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Bride of Frankenstein


Bride of Frankenstein (1935)

     Over the next couple days I will be reviewing movies I saw last weekend at a horror movie marathon, which I am proud to say, I survived from beginning to end (with a several hour break for a trip home and nap in the middle). Nevertheless, a handful of older fright films were shown, including the splendid Cabinet of Dr. Caligari complete with keyboardist’s accompaniment. I will start with the oldest in the lot, Bride of Frankenstein, which despite Boris Karloff‘s magnificent image of the monster is full of flaws.

     The film opens with a dialogue among author Mary Shelley (Elsa Lanchester), husband Percy Shelley and Lord Byron about Mary’s yet-published manuscript, “Frankenstein”, during which the writer explains the moral of that story –the hazards of playing god– and says the plot is not yet finished. Her next story, as she describes, begins where the prior one ended, with the burning down of a mill with the monster inside. Both Dr. Frankenstein (Colin Clive) and the monster survive this event and while the doctor and his wife-to-be Elizabeth (Valerie Hobson) mull the moral lesson he has learned, the monster escapes into the woods.

     The monster is at one point captured by a mob of townsfolk who jail him only to have the beast easily escape and return to the wilderness. There he meets a blind man who is unafraid of his horrific facade and befriends him, teaching him of wine, smoking and the English language. Eventually some seeing people come along, however, and in the chaos that ensues, the blind man’s home is burned and the monster runs away.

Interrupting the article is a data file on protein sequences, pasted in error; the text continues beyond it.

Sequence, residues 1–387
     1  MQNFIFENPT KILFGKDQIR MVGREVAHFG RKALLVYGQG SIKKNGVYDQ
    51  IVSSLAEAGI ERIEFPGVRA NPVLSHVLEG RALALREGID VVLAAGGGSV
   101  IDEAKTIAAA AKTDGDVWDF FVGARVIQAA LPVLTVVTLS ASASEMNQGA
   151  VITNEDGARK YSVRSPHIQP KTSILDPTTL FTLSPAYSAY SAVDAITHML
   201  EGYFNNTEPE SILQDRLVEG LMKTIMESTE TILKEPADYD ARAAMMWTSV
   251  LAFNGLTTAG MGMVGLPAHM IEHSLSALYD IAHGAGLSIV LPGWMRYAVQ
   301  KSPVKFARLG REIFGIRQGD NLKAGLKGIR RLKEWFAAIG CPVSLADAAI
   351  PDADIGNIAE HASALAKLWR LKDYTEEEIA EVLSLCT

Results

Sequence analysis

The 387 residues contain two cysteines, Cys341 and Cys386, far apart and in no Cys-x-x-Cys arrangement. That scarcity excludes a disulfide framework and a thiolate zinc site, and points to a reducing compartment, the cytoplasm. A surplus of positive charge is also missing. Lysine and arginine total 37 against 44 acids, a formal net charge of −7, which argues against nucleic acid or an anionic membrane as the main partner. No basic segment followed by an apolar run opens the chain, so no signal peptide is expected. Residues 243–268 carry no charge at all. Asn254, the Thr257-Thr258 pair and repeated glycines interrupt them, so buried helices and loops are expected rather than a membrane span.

Meanwhile, a colleague of Dr. Frankenstein, Dr. Pretorious (Ernest Thesiger), has shown the monster’s creator that he seeks to create a female version of the monster to allow for the beginning of a race derived from the reanimated creatures. Dr. Frankenstein sticks to his guns given the horrible tragedy that came from his original venture but is persuaded when, working in tandem with Pretorious, the monster kidnaps Elizabeth. The monster looks forward to his new “friend” but once brought to life, the woman merely hisses at her predetermined mate. The monster therefore pulls the self-destruct lever of the castle where the work is being done and ends the monsters’ lives, sparing Dr. Frankenstein and Elizabeth.

     Besides the notion that a castle would have a lever designed to blow up the premises (you know, the ancient version of today’s self-destruct button), most of the monster’s activities in the movie are cause for laughter rather than fright. His many utterances of “drink gooood” and “smoke gooood” are absurd and show how harmless alcohol and cigarettes were considered in this bygone era. The monster picks up the English language all too easily and moves from infantile assemblages of words to coherent sentences complete with verbs. Although it is fun to hear the monster more than grunt, such as with the word “friend”, his growing intelligence is less amusing. The mate, who is also played by Lanchester, also makes one laugh during her short duration on the screen. She jerks her head about like a bird and is more fascinating by her physical appearance than by anything she does or any noise she makes. The only thing Bride of Frankenstein has going for it is that makeup work on Lanchester and Karloff. Perhaps it is because he was first monster in a sound picture, but I hold Karloff’s image as Frankenstein’s beast as perfect.